“Spruce Pine, it turns out, is the source of the purest natural quartz—a species of pristine sand—ever found on Earth. This ultra‑elite deposit of silicon dioxide particles plays a key role in manufacturing the silicon used to make computer chips. In fact, there’s an excellent chance the chip that makes your laptop or cell phone work was made using sand from this obscure Appalachian backwater….”
— From “The Ultra-Pure, Super-Secret Sand That Makes Your Phone Possible” by Vince Beiser in Wired
Fascinating story! And it even mentions the bunkers at Augusta National.
1. Of North Carolina’s 100 counties how many are named for women?
2. What well-known food processor is located at the corner of Cucumber and Vine streets?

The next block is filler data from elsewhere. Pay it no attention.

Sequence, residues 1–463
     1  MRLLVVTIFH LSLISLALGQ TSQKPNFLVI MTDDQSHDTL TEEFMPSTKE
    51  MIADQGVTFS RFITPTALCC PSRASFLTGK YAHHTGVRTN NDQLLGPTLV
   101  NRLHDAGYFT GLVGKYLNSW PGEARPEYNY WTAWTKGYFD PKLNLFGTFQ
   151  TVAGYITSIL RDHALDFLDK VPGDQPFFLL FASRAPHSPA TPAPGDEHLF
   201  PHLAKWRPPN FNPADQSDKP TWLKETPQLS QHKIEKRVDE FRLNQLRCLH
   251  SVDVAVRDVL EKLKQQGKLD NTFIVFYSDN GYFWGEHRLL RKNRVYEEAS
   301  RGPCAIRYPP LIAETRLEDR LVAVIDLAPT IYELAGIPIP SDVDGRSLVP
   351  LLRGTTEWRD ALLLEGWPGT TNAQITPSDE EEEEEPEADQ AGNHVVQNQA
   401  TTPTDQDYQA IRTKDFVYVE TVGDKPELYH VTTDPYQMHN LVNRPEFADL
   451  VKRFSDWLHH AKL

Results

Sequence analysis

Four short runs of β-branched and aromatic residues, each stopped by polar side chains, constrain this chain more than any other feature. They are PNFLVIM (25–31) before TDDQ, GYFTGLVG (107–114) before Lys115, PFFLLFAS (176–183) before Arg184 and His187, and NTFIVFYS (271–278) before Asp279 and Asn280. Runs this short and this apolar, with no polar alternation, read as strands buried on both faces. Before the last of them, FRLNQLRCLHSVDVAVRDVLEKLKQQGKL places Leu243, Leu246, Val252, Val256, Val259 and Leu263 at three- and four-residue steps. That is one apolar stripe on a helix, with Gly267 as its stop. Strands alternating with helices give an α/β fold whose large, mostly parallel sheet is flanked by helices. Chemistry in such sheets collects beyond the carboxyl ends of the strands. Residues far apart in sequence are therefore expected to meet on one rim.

3. True or false: Though now often associated with North Carolina, the term “Tobacco Road” was first used in reference to Georgia.
4. On the Monopoly game board, what color is North Carolina?
5. Nearly one-third of North Carolina’s Lumbee Indians have one of what two surnames?
1. Three: Dare County, named for Virginia Dare, first child of English parents born in the New World; Wake County, named for Margaret Wake, wife of colonial Gov. William Tryon; Mecklenburg County, named for Princess Charlotte Sophia of Mecklenburg-Strelitz, wife of George III.
2. Mt. Olive Pickle Co., in Mount Olive. Mt. Olive ranks third, behind Vlasic and Claussen, as the best-selling brand in the country.
3. True. It was the Augusta-area address of Jeeter Lester in Erskine Caldwell’s scandalous 1932 novel by that name.
5. Oxendine and Locklear.
When Elvis died — Aug. 16, 1977 — the Charlotte Observer wasn’t prepared for the enormous demand for single copies. (We weren’t the only ones.)
A year later, however, the Observer and the afternoon Charlotte News had days of commemorative coverage lined up, as these two rack cards illustrate.